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Elastic collisions in one dimension
Consider two elastic bodies of masses m1 and m2 moving in a straight line (along positive x direction) on a frictionless horizontal surface as shown in figure 4.16.
In order to have collision, we assume that the mass m1 moves faster than mass m2 i.e., u1 > u2. For elastic collision, the total linear momentum and kinetic energies of the two bodies before and after collision must remain the same.
From the law of conservation of linear momentum,
Total momentum before collision ( pi) = Total momentum after collision ( pf )
For elastic collision,
Total kinetic energy before collision KEi = Total kinetic energy after collision KE f
After simplifying and rearranging the terms,
Using the formula a2 - b2 = (a+b)( a-b) , we can rewrite the above equation as
Dividing equation (4.49) by (4.47) gives,
This means that for any elastic head on collision, the relative speed of the two elastic bodies after the collision has the same magnitude as before collision but in opposite direction. Further note that this result is independent of mass.
Rewriting the above equation for v1 and v2,
To find the final velocities v1 and v2:
Substituting equation (4.52) in equation (4.47) gives the velocity of m1 as
Similarly, by substituting (4.51) in equation (4.47) or substituting equation (4.53) in equation (4.52), we get the final velocity of m2 as
Case 1: When bodies has the same mass i.e., m1 = m2,
The equations (4.55) and (4.56) show that in one dimensional elastic collision, when two bodies of equal mass collide after the collision their velocities are exchanged.
Case 2: When bodies have the same mass i.e., m1 = m2 and second body (usually called target) is at rest (u2 = 0), By substituting m1 = m2 and u2 = 0 in equations 4.53) and equations (4.54) we get,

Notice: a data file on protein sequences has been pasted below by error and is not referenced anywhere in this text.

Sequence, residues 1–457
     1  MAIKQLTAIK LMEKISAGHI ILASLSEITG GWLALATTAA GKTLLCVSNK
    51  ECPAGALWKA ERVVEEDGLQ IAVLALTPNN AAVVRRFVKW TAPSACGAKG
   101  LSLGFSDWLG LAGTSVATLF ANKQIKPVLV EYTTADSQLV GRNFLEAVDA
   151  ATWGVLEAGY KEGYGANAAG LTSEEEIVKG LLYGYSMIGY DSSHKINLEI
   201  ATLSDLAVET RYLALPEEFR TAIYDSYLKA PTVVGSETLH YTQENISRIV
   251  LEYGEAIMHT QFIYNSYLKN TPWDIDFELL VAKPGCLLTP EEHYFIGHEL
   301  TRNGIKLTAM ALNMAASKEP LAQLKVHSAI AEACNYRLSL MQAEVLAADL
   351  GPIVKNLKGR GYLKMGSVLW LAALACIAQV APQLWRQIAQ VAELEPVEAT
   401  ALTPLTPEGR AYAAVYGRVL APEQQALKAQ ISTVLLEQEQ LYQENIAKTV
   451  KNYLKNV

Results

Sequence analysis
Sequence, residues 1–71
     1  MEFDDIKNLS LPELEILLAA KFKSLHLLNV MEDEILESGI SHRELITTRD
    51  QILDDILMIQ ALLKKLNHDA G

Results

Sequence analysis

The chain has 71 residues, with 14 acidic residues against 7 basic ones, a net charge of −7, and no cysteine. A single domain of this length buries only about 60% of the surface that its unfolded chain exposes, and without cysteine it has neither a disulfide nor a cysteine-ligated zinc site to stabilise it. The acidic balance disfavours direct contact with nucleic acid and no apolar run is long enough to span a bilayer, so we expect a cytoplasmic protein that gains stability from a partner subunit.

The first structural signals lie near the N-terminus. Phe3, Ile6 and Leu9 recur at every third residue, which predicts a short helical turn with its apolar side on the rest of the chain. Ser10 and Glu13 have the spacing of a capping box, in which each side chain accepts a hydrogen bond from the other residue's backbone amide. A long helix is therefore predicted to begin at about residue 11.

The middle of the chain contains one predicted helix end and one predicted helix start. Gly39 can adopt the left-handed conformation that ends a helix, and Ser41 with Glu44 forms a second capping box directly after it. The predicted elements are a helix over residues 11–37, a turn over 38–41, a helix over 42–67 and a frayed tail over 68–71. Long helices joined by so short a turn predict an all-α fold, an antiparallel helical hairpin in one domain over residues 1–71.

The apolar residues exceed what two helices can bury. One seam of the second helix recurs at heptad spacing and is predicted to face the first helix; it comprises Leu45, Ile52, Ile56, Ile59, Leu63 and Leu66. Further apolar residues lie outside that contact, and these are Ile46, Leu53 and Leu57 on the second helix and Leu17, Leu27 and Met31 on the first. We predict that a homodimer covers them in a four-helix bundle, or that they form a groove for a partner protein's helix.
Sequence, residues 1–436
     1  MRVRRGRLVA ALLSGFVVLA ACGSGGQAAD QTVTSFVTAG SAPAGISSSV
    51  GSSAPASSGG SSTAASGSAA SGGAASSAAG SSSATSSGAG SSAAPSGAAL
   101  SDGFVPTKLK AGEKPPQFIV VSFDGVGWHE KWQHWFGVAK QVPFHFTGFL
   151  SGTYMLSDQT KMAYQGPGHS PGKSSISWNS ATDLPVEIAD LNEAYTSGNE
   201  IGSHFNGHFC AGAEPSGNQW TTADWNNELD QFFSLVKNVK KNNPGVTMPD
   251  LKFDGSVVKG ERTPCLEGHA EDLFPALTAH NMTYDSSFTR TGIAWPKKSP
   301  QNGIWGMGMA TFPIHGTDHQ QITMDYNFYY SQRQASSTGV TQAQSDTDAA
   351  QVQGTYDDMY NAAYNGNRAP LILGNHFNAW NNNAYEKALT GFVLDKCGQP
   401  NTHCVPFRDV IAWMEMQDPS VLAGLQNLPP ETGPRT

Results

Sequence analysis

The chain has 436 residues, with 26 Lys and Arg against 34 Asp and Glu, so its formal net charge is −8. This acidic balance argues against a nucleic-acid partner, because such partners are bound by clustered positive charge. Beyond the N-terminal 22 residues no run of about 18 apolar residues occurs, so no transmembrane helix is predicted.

Equations (4.57) and (4.58) show that when the first body comes to rest the second body moves with the initial velocity of the first body.
The first body is very much lighter than the second body
then the ratio m1/m2 ≈ 0 and also if the target is at rest ( u2=0)
Dividing numerator and denominator of equation (4.53) by m2, we get
Dividing numerator and denominator of equation (4.54) by m2, we get
The equation (4.59) implies that the first body which is lighter returns back (rebounds) in the opposite direction with the same initial velocity as it has a negative sign. The equation (4.60) implies that the second body which is heavier in mass continues to remain at rest even after collision. For example, if a ball is thrown at a fixed wall, the ball will bounce back from the wall with the same velocity with which it was thrown but in opposite direction.
The second body is very much lighter than the first body
then the ratio m2/m1 ≈ 0 and also if the target is at rest ( u2=0)
Dividing numerator and denominator of equation (4.53) by m1, we get
Dividing numerator and denominator of equation (4.58) by m1, we get
The equation (4.61) implies that the first body which is heavier continues to move with the same initial velocity. The equation (4.62) suggests that the second body which is lighter will move with twice the initial velocity of the first body. It means that the lighter body is thrown away from the point of collision.
A lighter particle moving with a speed of 10 m s-1 collides with an object of double its mass moving in the same direction with half its speed. Assume that the collision is a one dimensional elastic collision. What will be the speed of both particles after the collision?
Let the mass of the fi rst body be m which moves with an initial velocity, u1 = 10 m s-1.
Therefore, the mass of second body is 2m and its initial velocity is u2 = ½ u1 = ½(10ms-1)
Then, the fi nal velocities of the bodies can be calculated from the equation (4.53) and equation (4.54)
As the two speeds v1and v2 are positive, they move in the same direction with the velocities, 3.33 m s−1 and 8.33 m s−1 respectively.
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